Aerial maps are produced using aerial photography or remote sensing satelite imagery.
Climate maps give information about the climate and precipitation of a region, often by using colors to show climate or precipitation zones.
Economic maps feature economic activity in an area. Symbols may be used to show the locations or extent of economic activities.
Geologic maps show the distribution of geologic features, including different kinds of rocks and faults, usually printed on top of a regular map (called a base map). The geology is represented by colors, lines, and special symbols unique to geologic maps. The USGS has information on colors and symbols used on geologic maps.
Historic maps are useful to historians, environmentalists, genealogists, and others interested in researching the background of a particular area.
Hydrologic maps show water-resources information, such as depth to ground water, floods, irrigated acreage, aquifers, water availability, surface-water discharge, chemical or mineral content of water, surface impoundments, and water temperature.
Physical maps illustrate the physical features of an area, such as the mountains, rivers and lakes. Colors may be used to show relief-differences in land elevations.
Political maps indicate state and national boundaries and capital and major cities.
Resource maps show natural resources in an area, often using symbols or colors to show the locations of natural resources.
Road or highway maps show highways and roads, cities, and often other points of interest in an area.
Satellite image maps are multicolor or black-and-white photograph-like maps made from data collected by Earth resources satellites.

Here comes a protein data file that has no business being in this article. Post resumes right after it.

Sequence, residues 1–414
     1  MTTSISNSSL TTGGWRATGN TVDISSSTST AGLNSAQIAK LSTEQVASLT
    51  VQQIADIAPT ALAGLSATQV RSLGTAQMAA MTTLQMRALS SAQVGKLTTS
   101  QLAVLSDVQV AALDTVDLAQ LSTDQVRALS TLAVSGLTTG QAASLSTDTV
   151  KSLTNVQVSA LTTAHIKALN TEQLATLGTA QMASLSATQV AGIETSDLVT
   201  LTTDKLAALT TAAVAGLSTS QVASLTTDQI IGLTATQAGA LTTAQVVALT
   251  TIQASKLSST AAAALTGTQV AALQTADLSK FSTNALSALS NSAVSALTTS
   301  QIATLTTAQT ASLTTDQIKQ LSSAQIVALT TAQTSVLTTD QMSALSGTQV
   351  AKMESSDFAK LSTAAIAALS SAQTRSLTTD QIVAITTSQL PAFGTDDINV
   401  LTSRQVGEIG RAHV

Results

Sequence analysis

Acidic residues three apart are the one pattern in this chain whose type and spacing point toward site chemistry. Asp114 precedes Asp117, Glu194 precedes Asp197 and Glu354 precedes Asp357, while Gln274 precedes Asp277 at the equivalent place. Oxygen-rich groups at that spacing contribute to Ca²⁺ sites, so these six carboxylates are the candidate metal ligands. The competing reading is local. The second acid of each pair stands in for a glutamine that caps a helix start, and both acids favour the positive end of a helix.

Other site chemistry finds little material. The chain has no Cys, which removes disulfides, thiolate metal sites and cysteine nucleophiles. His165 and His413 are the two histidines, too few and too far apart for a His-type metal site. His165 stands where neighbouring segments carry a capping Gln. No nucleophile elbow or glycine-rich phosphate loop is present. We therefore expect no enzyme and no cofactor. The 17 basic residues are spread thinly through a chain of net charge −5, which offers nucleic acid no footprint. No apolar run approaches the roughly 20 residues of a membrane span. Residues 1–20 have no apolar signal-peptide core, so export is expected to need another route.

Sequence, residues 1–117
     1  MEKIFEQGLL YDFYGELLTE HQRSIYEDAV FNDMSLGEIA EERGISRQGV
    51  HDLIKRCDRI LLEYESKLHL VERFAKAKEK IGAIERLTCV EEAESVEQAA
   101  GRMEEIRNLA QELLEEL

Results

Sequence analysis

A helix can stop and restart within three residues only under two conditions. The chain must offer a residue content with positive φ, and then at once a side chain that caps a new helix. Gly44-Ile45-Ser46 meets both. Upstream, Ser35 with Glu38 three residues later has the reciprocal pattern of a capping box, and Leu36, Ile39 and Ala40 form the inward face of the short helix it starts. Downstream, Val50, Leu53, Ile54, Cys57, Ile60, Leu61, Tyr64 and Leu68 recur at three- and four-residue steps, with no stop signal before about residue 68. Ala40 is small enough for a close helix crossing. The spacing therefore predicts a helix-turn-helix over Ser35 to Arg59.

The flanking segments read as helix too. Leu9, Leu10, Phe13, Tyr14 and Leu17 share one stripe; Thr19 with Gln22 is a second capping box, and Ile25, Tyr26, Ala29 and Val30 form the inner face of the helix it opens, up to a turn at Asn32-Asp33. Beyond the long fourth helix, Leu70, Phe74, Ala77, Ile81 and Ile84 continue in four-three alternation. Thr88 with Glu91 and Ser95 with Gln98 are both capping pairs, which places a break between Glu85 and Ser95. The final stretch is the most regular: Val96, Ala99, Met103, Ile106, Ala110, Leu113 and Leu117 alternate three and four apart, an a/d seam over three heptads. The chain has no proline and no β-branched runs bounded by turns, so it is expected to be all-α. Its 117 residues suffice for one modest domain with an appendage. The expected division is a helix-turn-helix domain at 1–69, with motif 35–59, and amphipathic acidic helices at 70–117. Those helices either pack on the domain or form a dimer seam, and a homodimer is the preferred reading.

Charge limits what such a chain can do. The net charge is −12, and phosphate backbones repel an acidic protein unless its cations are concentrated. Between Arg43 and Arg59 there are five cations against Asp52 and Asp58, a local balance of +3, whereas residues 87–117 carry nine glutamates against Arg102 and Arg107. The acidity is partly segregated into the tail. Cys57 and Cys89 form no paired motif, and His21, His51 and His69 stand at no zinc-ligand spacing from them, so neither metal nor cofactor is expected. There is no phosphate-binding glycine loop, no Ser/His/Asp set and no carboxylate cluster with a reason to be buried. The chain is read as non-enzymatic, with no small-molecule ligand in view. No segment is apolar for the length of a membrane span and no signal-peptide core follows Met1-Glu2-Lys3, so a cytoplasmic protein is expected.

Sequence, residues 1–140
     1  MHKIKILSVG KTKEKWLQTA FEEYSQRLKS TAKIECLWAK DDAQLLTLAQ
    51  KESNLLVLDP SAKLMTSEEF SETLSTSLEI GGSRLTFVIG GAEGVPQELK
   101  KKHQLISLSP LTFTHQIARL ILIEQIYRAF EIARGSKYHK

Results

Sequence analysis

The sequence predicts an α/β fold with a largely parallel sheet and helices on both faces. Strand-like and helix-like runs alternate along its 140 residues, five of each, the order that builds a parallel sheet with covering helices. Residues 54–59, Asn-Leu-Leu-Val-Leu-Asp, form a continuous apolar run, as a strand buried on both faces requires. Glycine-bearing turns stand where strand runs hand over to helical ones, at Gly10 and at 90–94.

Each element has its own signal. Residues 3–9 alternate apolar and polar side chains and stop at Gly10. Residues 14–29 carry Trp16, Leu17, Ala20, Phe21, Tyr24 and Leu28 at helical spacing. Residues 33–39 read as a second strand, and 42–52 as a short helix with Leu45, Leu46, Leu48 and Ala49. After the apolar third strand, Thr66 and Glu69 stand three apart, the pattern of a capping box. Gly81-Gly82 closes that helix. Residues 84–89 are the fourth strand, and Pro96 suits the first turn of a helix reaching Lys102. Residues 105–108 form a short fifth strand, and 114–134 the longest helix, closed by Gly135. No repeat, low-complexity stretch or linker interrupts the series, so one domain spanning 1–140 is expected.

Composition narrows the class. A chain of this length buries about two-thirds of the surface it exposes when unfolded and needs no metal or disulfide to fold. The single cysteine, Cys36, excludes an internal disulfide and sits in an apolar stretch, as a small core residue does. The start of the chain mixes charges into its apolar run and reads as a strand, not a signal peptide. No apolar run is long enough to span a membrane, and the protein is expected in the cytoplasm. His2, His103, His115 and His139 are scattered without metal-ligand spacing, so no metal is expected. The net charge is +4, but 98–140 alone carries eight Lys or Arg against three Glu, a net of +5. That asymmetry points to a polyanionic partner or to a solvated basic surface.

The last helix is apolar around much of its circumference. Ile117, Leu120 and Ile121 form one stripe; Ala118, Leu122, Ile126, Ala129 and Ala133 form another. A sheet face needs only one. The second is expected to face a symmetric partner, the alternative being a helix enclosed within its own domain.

Shaded-relief maps accentuate physiographic features of special interest using relief shading that simulates the appearance of sunlight and shadows on the terrain and creates the illusion of three-dimensional topography.
Thematic maps feature special subjects such as population, temperature, soils, hazards, vegetation, etc.
Topographic maps show the topography (shape and elevation) and features of an area on the earth's surface, using contour lines and symbols. See the USGS webpage Topographic Map Symbols(link is external) for more information.
Scale is the relationship between distance on the map and distance on the ground. A map scale usually is given as a fraction or a ratio such as 1/10,000 or 1:10,000which means 1 unit of measurement on the map—1 inch or 1 centimeter—represents 10,000 of the same units on the ground. If the scale were 1:63,360, then 1 inch on the map would represent 63,360 inches, or 1 mile, on the ground (63,360 inches divided by 12 inches equals 5,280 feet, or 1 mile). The first number (map distance) is always 1. The second number (ground distance) is different for each scale; the larger the second number is, the smaller the scale of the map.
An information sheet from the U.S. Geological Survey gives more detail on scale.
A map projection is used to portray all or part of the round Earth on a flat surface, which cannot be done without some distortion. Mapmakers have devised a number of ways to project the image of the globe onto paper.